Anyway, Housing Stimulus 1 started in the early 2000’s, when the govt took a huge chunk of taxpayer money (trillions, I suspect, when all the dust has cleared), and injected it into housing, in the same way that Obama’s stimulus was injected into local govts for building projects. This enabled all housing-related business to roar like gangbusters from 2000-2008. Of course the banks, realtors, house flippers made insane money, but it also helped regular people like tile installers, plumbers, etc to make good, consistent income, along with businesses as big as Home Depot all the way down to the small carpet store on the corner. (I’m trying to see this from a pro-business perspective.) In terms of helping the economy during those 8 years, it worked fantastically. However, from a long-term perspective, Housing Stimulus 1 didn’t create a solid platform going into the next 50 years, and that’s where I see its biggest weakness. Its most pathetically wasteful result is the overabundance of unused housing that is actually being torn down in some places.
    Again, using a pro-business perspective, what would’ve been a better use of that Housing Stimulus 1 money? Brazil, for example, made a wise push in 1976 to wean itself off of petroleum, and as Wikipedia mentions in the article about ethanol fuel in Brazil, “there are no longer any light vehicles in Brazil running on pure gasoline. Since 1976 the government made it mandatory to blend anhydrous ethanol with gasoline.” One big argument in the US against moving away from petroleum is that we lack the “infrastructure”, which really means we have a gas station on every corner for gasoline, but we don’t have a good system in place for alternatives. However, the (possible) trillions that were put into Housing Stimulus 1 could’ve probably started us pretty solidly in building that infrastructure, whether it’s the swappable car batteries concept being tested in Israel and Japan or something similar.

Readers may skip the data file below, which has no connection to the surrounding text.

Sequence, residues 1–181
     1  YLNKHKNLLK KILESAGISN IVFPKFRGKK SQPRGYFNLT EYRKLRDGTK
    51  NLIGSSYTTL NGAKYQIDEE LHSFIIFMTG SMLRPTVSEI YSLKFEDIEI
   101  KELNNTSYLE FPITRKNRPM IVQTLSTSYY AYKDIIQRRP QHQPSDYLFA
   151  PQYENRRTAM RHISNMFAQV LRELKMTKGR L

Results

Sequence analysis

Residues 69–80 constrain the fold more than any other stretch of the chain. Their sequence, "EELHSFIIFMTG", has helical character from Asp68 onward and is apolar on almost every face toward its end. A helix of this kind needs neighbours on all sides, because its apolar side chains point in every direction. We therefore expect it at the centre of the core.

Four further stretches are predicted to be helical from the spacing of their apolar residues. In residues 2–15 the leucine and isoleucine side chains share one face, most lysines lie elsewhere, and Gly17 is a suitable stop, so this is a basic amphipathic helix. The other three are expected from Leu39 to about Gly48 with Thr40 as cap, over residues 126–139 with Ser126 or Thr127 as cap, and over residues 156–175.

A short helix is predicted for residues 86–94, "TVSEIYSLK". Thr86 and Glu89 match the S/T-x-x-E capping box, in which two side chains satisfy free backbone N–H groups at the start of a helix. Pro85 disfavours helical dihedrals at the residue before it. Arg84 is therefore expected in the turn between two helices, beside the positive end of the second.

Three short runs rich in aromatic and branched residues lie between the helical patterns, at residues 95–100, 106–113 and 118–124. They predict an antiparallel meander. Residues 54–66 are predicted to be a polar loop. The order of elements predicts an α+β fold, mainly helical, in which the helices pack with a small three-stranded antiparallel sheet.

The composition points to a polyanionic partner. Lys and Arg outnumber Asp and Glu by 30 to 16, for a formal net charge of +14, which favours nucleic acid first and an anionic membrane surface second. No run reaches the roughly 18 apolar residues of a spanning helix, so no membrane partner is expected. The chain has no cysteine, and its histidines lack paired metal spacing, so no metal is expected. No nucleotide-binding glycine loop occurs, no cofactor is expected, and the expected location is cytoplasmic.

That’s just one suggestion, of course, but it sure seems like that money would’ve been better spent giving us a solid platform for better long-term business benefit. It reminds me of how Miracle-Gro gives your plants a great pick-me-up for about a week. They really flourish, but the effect is so short-lived. Housing Stimulus 1 gave everyone connected to housing a great boost, but it didn’t leave anything behind to keep the momentum going.

    • Interesting take on the macro-economics, and how, like all central gov’t economic “steering”, it resulted (as always), in Potemkin Village Syndrome (see brand new empty cities in China… or Las Vegas).

      BTW, though Brazil has been admirably progressive in its ethanol initiative, while the US PTBs have been shamefully negligent on alternative energy during the same 4 decades, Brazil has the advantage of lying on the equator, thus being able to implement a SUGAR CANE based ethanol system, with a net energy GAIN. USA, OTOH, has very little land area tropical enough for sugar cane… our CORN BASED ethanol bogosity is a net energy LOSER, a true “Potemkin Village”, and must be ended ASAP. It is nothing but corporate welfare for Archer-Daniels-Midland and related Midwest Farm Lobbies.

  • Toilet Paper Money

    What is a dollar worth?